Are you one of the millions of people who rely heavily on the cloud-based features of Dropbox and Evernote?
The two services make data available no matter where a user is located, but the programs are apparently not safe from the same kind of hacking and data breaches that afflict banks, schools, and every-day consumers. Recently both companies made headlines for alleged hacks into their systems.
Evernote Resets 50 Million Passwords
Evernote, the online note-sharing service, said it was resetting the passwords of its 50 million users because hackers managed to breach its computer network and access some user names, email addresses, and encrypted passwords.
On the Evernote blog, the company admitted that:
“Evernote’s Operations & Security team has discovered and blocked suspicious activity on the Evernote network that appears to have been a coordinated attempt to access secure areas of the Evernote Service.
We have found no evidence that any of the content you store in Evernote was accessed, changed or lost. We also have no evidence that any payment information for Evernote Premium or Evernote Business customers was accessed.”
Within that blog’s comments section, one user made the following statement:
“This is really disturbing. I just signed up for evernote and evernote premium just yesterday after months of considering the best way to go paperless. My decision took so long because I was concerned by the security limitations of evernote with our data sitting unencrypted on your servers. It seems my fears were warranted as I didn’t even last 24 hours on evernote without having my password reset and a leak of data occur.
I hope you reconsider and create a system that allows us to encrypt notebooks on evernote so that even a leak of our user ID and password don’t automatically lead to the threat of data loss, until then I have to reconsider what I use evernote for and frankly if I can’t use it as a truly universal dumping location for my data it might not be worthwhile to use for me at all.”
In response, however, is this truth from another commenter:
“If you judge services based on who is immune from this type of attack then you won’t use anyone.”
Dropbox, the online storage service, also suffered a possible hack of its servers, leading to an increased amount of spam sent to users — specifically, phishing emails that were created to look like authentic emails from online payment provider PayPal.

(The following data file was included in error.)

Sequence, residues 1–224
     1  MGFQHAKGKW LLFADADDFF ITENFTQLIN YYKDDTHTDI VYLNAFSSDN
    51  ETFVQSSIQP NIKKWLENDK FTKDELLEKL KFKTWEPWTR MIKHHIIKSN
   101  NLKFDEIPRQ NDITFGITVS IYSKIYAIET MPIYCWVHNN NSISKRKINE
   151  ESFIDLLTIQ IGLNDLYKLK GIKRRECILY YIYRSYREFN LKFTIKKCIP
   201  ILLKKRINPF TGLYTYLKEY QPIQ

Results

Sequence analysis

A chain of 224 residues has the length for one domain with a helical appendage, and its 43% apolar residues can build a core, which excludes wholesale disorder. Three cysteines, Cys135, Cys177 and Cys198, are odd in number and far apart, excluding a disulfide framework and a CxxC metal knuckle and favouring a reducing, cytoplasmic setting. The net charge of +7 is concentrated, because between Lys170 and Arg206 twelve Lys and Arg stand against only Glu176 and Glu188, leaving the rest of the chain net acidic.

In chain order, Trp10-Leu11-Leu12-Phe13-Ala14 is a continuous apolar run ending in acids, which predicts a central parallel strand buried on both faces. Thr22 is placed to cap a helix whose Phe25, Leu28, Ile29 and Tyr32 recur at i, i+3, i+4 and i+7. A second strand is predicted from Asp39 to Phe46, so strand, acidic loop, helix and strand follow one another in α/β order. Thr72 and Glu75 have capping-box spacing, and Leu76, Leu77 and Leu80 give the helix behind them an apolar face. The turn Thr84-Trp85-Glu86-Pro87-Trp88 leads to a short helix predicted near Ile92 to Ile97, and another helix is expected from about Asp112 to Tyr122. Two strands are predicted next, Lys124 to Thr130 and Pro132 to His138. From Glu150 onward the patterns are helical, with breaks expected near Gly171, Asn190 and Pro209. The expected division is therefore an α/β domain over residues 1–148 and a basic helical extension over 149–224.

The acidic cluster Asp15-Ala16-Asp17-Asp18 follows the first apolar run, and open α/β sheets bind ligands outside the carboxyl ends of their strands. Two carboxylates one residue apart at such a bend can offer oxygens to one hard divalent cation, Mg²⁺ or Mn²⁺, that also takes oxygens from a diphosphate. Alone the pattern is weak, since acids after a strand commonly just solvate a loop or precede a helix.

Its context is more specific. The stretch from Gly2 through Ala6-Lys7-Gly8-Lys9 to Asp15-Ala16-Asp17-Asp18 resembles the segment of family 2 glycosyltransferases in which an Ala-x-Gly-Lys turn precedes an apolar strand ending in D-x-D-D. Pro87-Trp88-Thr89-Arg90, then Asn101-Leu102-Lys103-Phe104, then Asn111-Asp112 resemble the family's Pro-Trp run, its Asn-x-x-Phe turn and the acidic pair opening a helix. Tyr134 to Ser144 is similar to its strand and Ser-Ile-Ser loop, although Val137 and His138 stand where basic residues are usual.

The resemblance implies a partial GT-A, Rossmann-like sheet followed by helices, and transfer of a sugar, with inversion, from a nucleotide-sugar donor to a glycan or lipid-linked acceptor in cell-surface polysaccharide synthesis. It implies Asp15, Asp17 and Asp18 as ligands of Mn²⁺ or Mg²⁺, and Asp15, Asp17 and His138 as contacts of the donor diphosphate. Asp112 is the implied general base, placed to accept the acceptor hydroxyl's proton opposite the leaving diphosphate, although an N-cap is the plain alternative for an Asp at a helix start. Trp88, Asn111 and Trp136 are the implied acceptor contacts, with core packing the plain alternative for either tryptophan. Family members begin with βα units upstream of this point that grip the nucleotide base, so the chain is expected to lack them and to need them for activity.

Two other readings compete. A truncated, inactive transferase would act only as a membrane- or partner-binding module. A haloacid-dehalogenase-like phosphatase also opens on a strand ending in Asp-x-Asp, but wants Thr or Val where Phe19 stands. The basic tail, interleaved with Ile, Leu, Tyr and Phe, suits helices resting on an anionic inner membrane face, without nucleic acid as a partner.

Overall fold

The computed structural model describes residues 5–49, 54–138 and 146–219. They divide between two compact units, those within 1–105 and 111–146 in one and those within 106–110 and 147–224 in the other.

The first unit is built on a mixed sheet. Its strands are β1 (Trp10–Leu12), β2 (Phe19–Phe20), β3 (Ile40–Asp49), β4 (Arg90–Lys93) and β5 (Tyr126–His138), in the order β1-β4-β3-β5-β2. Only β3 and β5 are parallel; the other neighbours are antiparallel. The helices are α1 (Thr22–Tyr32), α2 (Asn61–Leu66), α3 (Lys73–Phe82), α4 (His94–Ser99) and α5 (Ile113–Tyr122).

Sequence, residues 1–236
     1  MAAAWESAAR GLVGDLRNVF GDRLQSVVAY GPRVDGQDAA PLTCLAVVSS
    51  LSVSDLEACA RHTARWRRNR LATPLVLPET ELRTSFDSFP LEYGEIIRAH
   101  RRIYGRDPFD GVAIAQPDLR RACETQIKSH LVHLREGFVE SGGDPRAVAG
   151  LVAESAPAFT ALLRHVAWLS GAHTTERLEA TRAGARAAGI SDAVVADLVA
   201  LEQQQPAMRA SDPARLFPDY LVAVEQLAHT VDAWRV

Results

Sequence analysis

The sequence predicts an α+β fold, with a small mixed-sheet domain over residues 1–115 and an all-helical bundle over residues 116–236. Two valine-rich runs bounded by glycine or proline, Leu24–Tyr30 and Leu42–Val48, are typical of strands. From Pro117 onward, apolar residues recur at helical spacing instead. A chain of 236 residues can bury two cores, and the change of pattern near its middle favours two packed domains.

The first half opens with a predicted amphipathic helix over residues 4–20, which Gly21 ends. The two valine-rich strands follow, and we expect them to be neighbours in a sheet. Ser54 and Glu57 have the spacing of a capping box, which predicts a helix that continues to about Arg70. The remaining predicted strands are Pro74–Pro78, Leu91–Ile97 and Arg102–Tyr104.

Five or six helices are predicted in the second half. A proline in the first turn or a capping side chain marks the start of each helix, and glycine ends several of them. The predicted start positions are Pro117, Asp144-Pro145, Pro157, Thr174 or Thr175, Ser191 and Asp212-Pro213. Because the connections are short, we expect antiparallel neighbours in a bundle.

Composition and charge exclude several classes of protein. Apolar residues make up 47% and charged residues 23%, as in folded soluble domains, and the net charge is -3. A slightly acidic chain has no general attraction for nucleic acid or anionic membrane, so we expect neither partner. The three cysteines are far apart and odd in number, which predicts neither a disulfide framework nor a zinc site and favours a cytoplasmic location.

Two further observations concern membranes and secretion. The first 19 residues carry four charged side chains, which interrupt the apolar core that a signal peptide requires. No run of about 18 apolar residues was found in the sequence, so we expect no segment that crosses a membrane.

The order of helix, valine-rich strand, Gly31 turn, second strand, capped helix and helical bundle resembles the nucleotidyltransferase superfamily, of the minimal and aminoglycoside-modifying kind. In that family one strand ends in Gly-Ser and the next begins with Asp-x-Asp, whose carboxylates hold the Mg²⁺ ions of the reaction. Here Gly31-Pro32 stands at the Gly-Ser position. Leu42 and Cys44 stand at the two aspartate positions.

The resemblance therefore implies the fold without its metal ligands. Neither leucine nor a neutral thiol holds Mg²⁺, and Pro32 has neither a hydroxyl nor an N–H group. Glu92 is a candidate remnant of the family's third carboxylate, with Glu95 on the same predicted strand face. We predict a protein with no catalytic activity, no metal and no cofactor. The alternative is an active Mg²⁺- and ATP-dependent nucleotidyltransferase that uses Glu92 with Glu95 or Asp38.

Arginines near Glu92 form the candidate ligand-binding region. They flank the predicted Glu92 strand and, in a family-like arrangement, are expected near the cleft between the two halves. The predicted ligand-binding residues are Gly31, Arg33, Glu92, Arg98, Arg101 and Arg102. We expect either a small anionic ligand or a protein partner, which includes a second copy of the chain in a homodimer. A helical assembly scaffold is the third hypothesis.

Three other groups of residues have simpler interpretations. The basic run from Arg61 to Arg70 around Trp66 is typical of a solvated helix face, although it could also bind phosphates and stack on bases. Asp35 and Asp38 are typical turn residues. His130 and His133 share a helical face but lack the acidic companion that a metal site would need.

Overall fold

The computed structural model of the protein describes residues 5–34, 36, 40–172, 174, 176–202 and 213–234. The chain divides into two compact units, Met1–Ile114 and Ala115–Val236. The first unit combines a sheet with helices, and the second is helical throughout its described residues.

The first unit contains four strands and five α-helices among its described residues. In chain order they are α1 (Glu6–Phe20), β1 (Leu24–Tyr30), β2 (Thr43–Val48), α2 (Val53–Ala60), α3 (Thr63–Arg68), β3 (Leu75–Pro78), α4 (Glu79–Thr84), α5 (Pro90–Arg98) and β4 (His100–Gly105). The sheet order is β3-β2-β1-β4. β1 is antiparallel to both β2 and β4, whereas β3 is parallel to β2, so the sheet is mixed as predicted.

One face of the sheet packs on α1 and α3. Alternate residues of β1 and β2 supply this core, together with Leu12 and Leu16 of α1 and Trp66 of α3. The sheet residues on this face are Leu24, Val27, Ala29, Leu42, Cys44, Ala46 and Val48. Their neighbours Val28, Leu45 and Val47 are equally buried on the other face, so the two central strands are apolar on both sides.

This isn’t the first report of phishing, unfortunately — check out a post entitled Dropbox phishing email sends chills down my spine posted in 2011 by a Dropbox enthusiast.
Even worse is that a full year later the company announced another instance of phishing, though this time, embarrassingly, an employee’s account had been compromised. The account contained a project document with a list of customer email addresses. The company said it wasn’t sure how the breach happened but it’s likely the employee fell for a phishing email and unwittingly turned over their account info.
The DropBox team has reminded its users (and let’s hope, its employees, too!) that it uses several domains to run the service. If you receive a communication that purports to be from Dropbox, but it does not come from a domain listed below, be careful as it might contain malware or be a phishing attempt.
Official Email From Dropbox
- All email from employees, support staff, and some service-related email (like email verification and password reset confirmations) are sent from dropbox.com or dropbox.zendesk.com
- All Dropbox for Teams-related email originates from dropboxteam.com
- All promotional and tip emails originate from dropboxmail.com
Verified Dropbox Domains
All Dropbox content should originate from the following domains: